Government to grow UK charging infrastructure tenfold by 2030 Car News

The UK government will increase the number of electric vehicle charging stations tenfold by 2030, boosting its strategic electric vehicle infrastructure fund by an additional £450 million.

The investment is part of the government’s £1.6 billion electric vehicle infrastructure strategy. It will increase the total number of charging points in the UK to 300,000 by 2030, which the government says is five times the number of fuel pumps in the UK today.

Around £500million will go towards installing ‘high quality and competitively priced’ public charging stations across the UK, a figure which includes the introduction of an electric vehicle infrastructure fund premises (LEVI) of £450m for street charging and hubs.

Meanwhile, £950million has been earmarked for installing 6,000 fast-charging stations along Britain’s motorway network.

A further £50m will be used to fund staff who will research local electric vehicle challenges and planning for charging points, so that future developments can complement other methods of travel, including cycling and walking.

The Department for Transport has said local authorities can bid for a £10million share, which could support more remote areas and allow them to ‘work with industry and increase public charging opportunities’ .

Prime Minister Boris Johnson said: “We are moving forward with plans to help Britons go electric, with our expanding charging network making it easier to get around the country.

“Clean transport is not only better for the environment, it is also another way to reduce our dependence on external energy supplies. It will also create new, highly skilled jobs for our automotive and energy sectors, and ultimately ensure a more sustainable and affordable automobile for everyone.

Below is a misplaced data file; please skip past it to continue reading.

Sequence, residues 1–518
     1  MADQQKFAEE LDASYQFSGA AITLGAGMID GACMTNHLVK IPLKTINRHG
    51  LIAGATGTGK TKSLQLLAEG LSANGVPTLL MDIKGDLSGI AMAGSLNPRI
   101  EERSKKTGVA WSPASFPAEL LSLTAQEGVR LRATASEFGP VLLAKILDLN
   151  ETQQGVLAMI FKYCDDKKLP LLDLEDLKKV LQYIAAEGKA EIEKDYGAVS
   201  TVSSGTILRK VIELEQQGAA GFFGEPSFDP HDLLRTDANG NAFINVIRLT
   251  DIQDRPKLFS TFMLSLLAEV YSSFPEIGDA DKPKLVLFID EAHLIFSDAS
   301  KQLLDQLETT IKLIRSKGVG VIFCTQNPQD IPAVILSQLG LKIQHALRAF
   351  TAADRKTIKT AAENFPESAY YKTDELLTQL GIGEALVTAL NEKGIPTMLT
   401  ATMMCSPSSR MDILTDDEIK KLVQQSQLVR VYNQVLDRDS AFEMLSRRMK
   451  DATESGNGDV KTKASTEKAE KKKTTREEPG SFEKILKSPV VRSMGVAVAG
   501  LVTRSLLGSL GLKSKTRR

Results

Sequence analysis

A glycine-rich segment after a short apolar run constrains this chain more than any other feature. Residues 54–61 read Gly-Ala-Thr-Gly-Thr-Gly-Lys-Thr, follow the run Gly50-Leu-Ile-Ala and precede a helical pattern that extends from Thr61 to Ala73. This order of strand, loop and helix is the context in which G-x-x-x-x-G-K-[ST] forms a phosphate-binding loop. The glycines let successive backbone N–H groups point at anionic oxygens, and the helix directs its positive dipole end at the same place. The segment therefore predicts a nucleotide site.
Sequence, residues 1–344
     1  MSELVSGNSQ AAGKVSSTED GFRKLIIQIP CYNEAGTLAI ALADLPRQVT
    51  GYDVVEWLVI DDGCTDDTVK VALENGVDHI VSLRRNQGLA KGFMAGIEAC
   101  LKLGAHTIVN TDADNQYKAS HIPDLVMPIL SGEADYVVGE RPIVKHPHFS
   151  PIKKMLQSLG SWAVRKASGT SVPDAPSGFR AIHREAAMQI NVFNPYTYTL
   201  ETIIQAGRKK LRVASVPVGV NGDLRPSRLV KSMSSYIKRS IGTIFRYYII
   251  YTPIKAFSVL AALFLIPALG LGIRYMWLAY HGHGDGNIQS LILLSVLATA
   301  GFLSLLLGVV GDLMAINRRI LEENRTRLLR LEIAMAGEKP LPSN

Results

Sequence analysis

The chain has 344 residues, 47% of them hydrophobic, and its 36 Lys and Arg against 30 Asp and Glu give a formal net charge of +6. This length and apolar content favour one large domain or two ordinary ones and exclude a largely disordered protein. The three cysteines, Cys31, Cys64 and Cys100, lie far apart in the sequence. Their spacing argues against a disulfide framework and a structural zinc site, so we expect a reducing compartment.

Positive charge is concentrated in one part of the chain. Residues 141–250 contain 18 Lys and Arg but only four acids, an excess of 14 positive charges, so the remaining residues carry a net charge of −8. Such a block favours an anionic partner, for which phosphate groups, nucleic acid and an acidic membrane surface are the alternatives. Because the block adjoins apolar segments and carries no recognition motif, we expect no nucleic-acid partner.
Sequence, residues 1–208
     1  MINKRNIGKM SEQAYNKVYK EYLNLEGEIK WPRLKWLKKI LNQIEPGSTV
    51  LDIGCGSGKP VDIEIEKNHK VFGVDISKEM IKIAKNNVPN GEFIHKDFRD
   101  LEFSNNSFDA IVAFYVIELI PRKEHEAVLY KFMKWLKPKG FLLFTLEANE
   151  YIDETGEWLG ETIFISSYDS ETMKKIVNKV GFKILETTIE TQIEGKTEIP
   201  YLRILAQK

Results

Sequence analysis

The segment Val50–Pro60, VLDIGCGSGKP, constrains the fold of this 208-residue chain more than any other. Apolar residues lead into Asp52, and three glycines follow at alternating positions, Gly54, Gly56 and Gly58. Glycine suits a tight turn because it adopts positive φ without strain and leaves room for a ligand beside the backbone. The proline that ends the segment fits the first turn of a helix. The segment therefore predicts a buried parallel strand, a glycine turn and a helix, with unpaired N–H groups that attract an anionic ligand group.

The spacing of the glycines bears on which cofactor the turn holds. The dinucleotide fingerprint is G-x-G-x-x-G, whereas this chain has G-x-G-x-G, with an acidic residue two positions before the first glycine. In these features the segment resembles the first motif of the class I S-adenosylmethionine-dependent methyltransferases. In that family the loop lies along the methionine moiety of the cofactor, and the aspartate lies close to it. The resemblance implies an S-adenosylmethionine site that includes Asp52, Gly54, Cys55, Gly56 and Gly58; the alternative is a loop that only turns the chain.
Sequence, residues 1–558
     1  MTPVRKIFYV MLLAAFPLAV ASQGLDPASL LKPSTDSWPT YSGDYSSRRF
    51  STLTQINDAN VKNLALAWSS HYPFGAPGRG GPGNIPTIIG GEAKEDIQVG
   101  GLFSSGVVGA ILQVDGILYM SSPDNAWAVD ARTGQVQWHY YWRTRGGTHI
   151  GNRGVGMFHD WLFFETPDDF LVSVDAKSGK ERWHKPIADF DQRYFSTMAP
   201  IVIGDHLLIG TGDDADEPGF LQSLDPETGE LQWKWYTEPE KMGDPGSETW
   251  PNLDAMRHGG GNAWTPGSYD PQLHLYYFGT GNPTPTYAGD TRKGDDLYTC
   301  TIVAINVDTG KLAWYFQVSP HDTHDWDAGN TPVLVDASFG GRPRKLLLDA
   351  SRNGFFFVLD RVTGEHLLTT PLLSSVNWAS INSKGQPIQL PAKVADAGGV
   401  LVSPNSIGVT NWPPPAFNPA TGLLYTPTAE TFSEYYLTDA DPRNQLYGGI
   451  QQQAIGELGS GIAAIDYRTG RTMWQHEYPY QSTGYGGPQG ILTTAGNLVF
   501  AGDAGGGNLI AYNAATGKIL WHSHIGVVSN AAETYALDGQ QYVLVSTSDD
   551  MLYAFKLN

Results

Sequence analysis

The plans also provide for an increased level of accessibility for charging stations. Operators will be required to accept contactless payments and provide real-time data so drivers can check a charger’s status.

Additionally, fast chargers will also require a 99% reliability rating, which the DfT says will “help eradicate so-called range anxiety.”

Transport Secretary Grant Shapps said: “No matter where you live – whether it’s a city center or a rural village, the north, the south, the east or the west of the country – we activate the transition to electricity and ensure that no one be left behind in the process.

“The scale of the climate challenge facing us all is well known and decarbonizing transport is at the very heart of our agenda… That is why we are ensuring that the country is electric-vehicle-ready for future generations of people. by the end of this decade, by revolutionizing our charging network and putting the consumer first.

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This notice was published: 2022-03-25 09:59:37

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